The Effect of Living Backwards by Heidi Julavits

When my life flashed before me
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The Independent Culture

Imagine if, as I started to write this review, I decided to start telling you about the significance of the word "review" in my life, or a childhood experience that may or may not influence the outcome of what I say. And can you trust what I say, or am I projecting the persona of another self into this piece?

Confused? Well, then you may not get on very well with The Effect of Living Backwards, Heidi Julavits' follow-up to The Mineral Palace. Living Backwards, essentially, is about a plane hijacking, told from the point of view of Alice, who's travelling to Morocco with her sister Edith, for Edith's wedding. It won't take you long to realise that their relationship was dysfunctional enough already: the more pleasant "favours" they do for each other include Alice playing look-out for Edith's sex sessions with strangers.

And their relationship is further strained when Alice begins to feel an attachment to the (is he or isn't he?) hostage negotiator, Pitcairn, and Edith begins to get a bit too close to one of the hijackers (but is this just a cunning escape tactic...?).

To muddle things further, the story switches from Alice's first-person narrative to "shame" chapters ("Mother's Shame", etc), which reveal an episode in the characters' lives (in their first-person narrative). It's quite a distraction, because the action on board is generally more interesting than these bizarre life-changing experiences, which don't add much to the story anyway, as the characters' roles in the hijacking are left deliberately unclear.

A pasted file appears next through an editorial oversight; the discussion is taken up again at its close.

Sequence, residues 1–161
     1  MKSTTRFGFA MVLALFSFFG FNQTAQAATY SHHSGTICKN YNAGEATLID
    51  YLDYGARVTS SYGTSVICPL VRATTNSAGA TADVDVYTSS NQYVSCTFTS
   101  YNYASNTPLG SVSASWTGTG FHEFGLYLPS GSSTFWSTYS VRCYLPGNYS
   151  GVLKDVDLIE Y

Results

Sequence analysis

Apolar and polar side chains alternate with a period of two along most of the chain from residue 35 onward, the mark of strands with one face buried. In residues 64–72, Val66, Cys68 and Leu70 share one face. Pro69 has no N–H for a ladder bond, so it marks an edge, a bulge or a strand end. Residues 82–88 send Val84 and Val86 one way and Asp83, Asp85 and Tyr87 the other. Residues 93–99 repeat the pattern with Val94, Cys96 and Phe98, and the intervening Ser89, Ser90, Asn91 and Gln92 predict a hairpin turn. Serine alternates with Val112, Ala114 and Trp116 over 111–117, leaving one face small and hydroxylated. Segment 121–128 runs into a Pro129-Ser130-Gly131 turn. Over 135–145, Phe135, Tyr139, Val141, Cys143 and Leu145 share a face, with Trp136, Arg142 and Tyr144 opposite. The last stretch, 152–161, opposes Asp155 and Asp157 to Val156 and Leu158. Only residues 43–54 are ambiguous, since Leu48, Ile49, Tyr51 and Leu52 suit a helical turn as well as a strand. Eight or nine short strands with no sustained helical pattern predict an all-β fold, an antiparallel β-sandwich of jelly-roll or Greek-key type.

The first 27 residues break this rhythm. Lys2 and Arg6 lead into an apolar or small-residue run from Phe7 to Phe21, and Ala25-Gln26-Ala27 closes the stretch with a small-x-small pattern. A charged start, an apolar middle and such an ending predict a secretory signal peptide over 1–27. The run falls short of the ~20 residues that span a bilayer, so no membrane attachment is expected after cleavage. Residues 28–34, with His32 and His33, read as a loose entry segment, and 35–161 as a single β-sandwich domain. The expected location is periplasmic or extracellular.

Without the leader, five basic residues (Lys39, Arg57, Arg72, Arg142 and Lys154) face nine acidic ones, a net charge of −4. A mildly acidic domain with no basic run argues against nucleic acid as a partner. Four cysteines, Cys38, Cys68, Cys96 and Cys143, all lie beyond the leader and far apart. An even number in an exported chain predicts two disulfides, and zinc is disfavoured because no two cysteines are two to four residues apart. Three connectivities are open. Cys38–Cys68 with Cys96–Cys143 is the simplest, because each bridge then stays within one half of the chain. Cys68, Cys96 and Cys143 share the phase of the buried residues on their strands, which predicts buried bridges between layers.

Julavits also has a tendency to wander off on tangents, usually episodes from Alice's childhood. These reflect Alice's perhaps untrustworthy, dreamy narrative, but at times I just wanted to skip these bits and crack on with the on-board tension and the fascinating ethical dilemmas set by the hijackers, such as deciding which of two strangers more deserves to live. And it's Julavits' engaging style of writing and quick-fire dialogue in episodes such as this that keeps you reading to the end, although I'd advise doing it in one sitting, or you may literally lose the plot.